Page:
Friday, January 3, 2014
Religion in the Age of the Selfie
At the time I did not know there was a term for their self portraits. Now I know. In fact, it was the most popular word which ended up being added to the Oxford English Dictionary last November. The word of the year! Selfie. Although it is still not in my computer's dictionary (and I refuse to add it). Oxford Dictionaries editors claim the use of the word has increased by a jaw dropping 17,000 percent since this time last year. It's reported first use came in 2002 -- from what I heard it began when a drunk took a picture of himself and texted it to someone -- an Australian, I was told. Figures.
I am not sure if there is another term for a selfie, shall we say, that is a self-portrait of an individual partially or completely unclothed. It does not have to be pornographic to be irritating and self-indulgent. As popular as selfies are, they are clearly one of the icons of our age, a powerful symbol of our cultural values and desires.
It is as if we use our technology to look in the mirror and then we look adoringly at the person we see, "Wow, do I love you. You are so wonderful." Is there any wonder we have trouble talking about the word that seems consigned to depart from the dictionary soon -- sin? Many of you probably think I am a curmudgeonly old man who still types on a manual typewriter and writes with a fountain pen (ah, well, the pen part is correct). But you might be surprised to know that I have a smart phone, a tablet computer, several laptops, an I-pod, a desktop with dual monitors, a GPS device, etc... I like technology when it affords me the opportunity to do something more quickly and easily but I hate it when it magnifies my weaknesses or makes me think I am more important than I am. Believe you me, I am ordinary and utterly forgettable. The last thing I need is a piece of technology to lie to me and tell me I am wonderful, to suggest that I am just fine as I am, or to magnify my flawed and failed footprint on this good earth.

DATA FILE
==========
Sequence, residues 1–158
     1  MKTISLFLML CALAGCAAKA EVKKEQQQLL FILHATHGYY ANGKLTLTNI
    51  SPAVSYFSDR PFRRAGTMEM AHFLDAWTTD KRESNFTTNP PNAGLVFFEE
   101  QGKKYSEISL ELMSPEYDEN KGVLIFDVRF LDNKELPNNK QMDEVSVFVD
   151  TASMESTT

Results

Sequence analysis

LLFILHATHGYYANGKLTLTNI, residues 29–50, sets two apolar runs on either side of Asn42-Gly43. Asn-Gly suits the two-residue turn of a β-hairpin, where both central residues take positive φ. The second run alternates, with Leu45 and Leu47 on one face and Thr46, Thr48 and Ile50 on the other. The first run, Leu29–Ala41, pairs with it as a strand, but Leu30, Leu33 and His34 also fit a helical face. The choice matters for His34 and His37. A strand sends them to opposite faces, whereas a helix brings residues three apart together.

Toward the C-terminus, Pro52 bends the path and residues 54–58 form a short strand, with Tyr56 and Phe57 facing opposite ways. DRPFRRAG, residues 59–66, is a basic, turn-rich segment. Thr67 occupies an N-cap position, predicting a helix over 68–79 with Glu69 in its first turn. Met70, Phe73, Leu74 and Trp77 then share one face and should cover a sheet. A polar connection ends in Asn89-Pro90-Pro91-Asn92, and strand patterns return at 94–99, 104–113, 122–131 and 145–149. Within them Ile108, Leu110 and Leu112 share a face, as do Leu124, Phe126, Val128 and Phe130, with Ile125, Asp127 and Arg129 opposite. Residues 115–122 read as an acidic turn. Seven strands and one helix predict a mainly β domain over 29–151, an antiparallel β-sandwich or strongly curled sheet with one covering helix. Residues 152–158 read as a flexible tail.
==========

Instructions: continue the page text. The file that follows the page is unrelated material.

That I fear is what our technology often does best -- it magnifies our weaknesses, tells us the lies we want to hear about ourselves, and makes us think that our faults are actually cute, endearing, and inconsequential. That, dear friends, is the devil's line. And he can use technology for our undoing as much as we can use it for noble purpose.
If there is anything we need in our age, it is truth, We need the cutting edge of the Law to draw fresh blood from our rotting lives. We need to be brought from the shadows into the stern and uncompromising light of God's scrutiny. We need to be hit over the head by the commandments, for these we have not done and worse, we have hated them for being the good that we should. The Gospel offers little of use to a person in love with self, to a person sure that his or her little foibles are nothing of consequence, and under the mistaken idea that sins are cute. Before that Gospel of Christ crucified can do anything for us, the Law has to strip us down and give us a real selfie -- one in which we cannot escape the stain of sin, its consequence of death, and its reign of destruction through our lives.
Many considered good preachers today are great at speaking hope but they do not expose the hopelessness of life apart from God. Many who enter pulpits are great at extolling the virtues of our lives with God but they forget to say what it is that has kept us from this perfect communion with Him and through Him with one another. We do not need another way to speak the Gospel. Scripture gives us many (all the way from the favorite of Lutherans, the juridical image of justification, to the image of Christus Victor, and everything in between). What we need today are creative and pointed ways to speak the Law.
It is not one of my strengths but it is surely one of the greatest needs of my pastoral ministry. How to speak authentically and powerfully to an age of selfies that what you see is not what you get. Hidden in our photos that look so good is the smell of decat, the stink of sin, and the odor of death. No matter how much we think of our selfie, how much we have of our wealthie, and how many medical advancements have made us more healthie, we are the walking dead until and unless Christ gives us new life. What we need to hear is the last thing we want to hear. But ain't always the case?